In March, Evening Bulletin reporter Laura Lee reported on her sojourn to breweries around the city. Edward A. Schmidt had already been inundated with 150 men seeking interviews:drivers, salesmen, boiler makers, pipe-fitters, brewers and bottlers, all willing to do anything. “This is a wonderful thing the President has done,” he said, "I've always been a Republican, but I'm for Roosevelt now,” adding that the Schmidt brewery would be capable of supplying 3,000 barrels of beer per day at a moment’s notice. At the Esslinger brewery she was told they were planning to double the work force and had 10,000 barrels of beer in stock. The president of the firm added that the two $20,000 de-alcoholizing machines in the brewery would soon be “worth about a dime.” And as brewers began stockpiling beer, the same federal agents who for the past thirteen years had been padlocking breweries and sewering their “high-powered beer,” were busy checking to make sure that beer in the tanks did not contain more than 3.2% alcohol (4% a.b.v.). In Norristown the president of the Adam Scheidt brewery said they had been ready “since Christmas” and some reports claimed they had more beer on hand than all the breweries in the city combined. The consensus among brewers was that a case of beer would sell for around $2.00 with a 75¢ deposit on the case and a half barrel of beer would be $8.50 with a $5.00 keg deposit. But few foresaw the return of the nickel beer at the tap room. Salesmen were dispatched throughout the neighborhoods to take orders for beer.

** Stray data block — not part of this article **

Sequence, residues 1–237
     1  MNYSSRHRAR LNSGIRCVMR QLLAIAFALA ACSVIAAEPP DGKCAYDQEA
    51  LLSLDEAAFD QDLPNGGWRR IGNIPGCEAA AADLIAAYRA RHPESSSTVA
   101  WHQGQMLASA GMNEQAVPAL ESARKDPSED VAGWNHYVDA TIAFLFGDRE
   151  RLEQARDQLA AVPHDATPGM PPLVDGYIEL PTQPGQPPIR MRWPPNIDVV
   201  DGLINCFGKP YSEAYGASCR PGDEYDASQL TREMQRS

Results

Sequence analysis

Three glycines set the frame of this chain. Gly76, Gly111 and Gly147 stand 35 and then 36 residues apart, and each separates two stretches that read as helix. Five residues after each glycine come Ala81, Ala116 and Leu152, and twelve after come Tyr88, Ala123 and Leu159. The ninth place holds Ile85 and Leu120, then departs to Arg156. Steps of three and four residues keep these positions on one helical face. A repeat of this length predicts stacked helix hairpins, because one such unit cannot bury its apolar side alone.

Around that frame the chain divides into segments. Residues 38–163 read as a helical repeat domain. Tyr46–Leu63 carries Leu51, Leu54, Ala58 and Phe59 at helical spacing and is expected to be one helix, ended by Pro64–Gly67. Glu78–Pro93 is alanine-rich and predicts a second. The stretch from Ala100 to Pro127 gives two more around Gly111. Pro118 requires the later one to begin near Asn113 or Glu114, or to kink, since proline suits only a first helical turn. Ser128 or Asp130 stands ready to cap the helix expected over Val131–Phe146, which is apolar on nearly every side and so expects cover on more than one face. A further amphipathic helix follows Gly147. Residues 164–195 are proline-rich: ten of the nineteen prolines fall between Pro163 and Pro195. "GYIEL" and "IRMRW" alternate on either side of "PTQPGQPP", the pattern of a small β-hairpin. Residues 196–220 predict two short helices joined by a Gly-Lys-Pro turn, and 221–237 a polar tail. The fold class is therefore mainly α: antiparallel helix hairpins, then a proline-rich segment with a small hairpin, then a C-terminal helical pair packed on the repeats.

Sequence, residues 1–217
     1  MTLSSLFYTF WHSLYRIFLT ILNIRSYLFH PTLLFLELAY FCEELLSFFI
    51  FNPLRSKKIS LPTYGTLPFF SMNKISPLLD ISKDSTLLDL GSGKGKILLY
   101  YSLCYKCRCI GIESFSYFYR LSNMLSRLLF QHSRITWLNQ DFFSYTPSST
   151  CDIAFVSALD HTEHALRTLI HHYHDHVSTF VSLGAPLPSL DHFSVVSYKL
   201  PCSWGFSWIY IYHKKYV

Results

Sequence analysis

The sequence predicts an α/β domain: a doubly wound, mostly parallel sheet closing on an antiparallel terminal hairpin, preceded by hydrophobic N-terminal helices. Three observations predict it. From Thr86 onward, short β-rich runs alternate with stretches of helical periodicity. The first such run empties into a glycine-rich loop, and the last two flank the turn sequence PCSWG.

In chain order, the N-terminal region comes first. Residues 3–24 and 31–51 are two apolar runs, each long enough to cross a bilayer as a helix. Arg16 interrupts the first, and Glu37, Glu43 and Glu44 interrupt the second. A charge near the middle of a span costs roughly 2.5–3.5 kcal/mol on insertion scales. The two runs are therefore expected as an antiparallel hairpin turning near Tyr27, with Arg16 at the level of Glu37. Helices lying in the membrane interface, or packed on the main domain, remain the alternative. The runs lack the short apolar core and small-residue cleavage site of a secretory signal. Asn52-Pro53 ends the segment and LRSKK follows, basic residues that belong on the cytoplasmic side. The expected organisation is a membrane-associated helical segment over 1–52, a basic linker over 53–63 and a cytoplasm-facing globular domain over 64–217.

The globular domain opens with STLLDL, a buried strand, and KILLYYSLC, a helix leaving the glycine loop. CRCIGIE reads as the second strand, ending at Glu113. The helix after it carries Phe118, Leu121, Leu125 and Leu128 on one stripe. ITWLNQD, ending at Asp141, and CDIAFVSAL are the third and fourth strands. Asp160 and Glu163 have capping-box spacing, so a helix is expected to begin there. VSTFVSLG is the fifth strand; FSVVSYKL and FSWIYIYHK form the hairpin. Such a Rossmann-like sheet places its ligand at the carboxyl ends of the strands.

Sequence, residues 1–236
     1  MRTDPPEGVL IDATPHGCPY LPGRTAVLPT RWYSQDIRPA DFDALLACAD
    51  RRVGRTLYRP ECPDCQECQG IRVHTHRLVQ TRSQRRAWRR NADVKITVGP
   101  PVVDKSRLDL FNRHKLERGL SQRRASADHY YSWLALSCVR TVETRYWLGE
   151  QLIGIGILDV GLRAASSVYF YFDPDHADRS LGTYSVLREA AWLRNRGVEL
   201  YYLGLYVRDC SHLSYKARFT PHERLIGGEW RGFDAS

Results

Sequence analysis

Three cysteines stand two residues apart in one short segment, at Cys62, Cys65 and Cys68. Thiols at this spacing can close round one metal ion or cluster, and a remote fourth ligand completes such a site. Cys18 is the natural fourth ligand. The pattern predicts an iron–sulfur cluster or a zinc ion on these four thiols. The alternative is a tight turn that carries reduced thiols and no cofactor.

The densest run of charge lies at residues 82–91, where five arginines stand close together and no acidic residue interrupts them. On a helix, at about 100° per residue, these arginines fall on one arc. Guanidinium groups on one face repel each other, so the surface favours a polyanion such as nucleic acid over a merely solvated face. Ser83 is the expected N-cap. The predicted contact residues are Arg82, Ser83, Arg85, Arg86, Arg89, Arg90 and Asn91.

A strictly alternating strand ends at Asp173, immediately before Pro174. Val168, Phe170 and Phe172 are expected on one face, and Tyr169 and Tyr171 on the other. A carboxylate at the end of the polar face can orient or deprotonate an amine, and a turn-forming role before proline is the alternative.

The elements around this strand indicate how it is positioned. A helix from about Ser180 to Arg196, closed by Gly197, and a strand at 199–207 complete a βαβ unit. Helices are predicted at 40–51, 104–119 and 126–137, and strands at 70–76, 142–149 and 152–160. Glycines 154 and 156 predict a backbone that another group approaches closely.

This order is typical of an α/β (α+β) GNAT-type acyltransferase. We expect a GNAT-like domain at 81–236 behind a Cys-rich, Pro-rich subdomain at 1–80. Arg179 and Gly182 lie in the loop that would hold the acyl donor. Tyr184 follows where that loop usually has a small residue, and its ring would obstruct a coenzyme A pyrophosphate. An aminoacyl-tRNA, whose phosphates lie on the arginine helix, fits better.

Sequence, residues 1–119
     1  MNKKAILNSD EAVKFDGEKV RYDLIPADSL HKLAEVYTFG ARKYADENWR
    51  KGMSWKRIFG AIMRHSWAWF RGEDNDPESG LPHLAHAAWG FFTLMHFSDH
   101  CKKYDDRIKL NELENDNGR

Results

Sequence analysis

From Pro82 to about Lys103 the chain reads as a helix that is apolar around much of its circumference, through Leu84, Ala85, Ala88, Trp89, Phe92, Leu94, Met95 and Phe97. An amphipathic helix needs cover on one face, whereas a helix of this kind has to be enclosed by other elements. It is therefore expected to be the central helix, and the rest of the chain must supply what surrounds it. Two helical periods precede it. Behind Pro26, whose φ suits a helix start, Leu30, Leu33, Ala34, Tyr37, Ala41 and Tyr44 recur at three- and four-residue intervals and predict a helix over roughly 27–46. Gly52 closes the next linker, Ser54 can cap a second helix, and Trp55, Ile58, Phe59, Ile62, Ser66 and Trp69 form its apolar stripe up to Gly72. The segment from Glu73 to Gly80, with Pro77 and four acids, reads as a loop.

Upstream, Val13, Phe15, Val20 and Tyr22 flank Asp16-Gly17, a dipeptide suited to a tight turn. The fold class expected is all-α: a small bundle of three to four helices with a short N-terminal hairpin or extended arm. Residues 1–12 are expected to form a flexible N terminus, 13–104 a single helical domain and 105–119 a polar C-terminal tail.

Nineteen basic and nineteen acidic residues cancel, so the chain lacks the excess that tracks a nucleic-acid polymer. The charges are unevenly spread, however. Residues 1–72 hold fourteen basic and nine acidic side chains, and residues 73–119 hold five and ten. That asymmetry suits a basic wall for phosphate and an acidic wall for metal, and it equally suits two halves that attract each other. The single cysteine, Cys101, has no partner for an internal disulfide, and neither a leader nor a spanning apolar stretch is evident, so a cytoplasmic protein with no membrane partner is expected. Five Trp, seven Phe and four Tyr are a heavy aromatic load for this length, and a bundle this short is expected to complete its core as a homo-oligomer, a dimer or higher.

A week prior to the return of beer Evening Bulletin reporter Mac Parker polled city brewers and found Ortlieb was ready to dispense light and dark beer “iced and ready to go.” Kegs with thick wooden staves could keep beer cold for six hours. Schmidt said they were ready to ship beer with an opener in every case. South Philadelphia’s Trainer brewery had a large supply of light lager and Esslinger was releasing its King Pin Pilsner and King Pin Dark. Philadelphia Brewing Company was also ready to supply the thirsty with its Manz Beer. The John Jacob Wolf brewery had Wolf’s Light, Dark and Porter and Hornung had 700 barrels of White Bock Light and Dark and Porter ready to go. Much of the beer was destined for southern states. This did not take into account the half dozen or so brewers that would be back in business in the weeks and months that followed.

 

Over 1,200 retail establishments and 300 wholesalers had Federal permits to sell beer but there were no regulations forthcoming from Harrisburg or the city meaning that initial sales of beer would be virtually unrestricted. On the evening of April 6, 1933 people gathered at the breweries to celebrate. All that tension and anticipation was released just before the stroke of midnight when the heavens opened up unleashing a torrential downpour of rain and hail commemorating a truly wet victory for the return of legal beer.

 

Philadelphia Breweries During Prohibition is a 200 page file containing newspaper accounts of the day. It is available as a PDF file or disc at http://pabreweryhistorians.tripod.com.

 

Photos by Rich Wagner:

 

Caption. Pretzel with Mug of Beer proclaiming “We Want” was a metal fixture that could be affixed to a bumper or license plate. (Ziegler Collection)

 

Caption. License plate sign: “Beer - Less Taxes, More Jobs.” (Cartin Collection)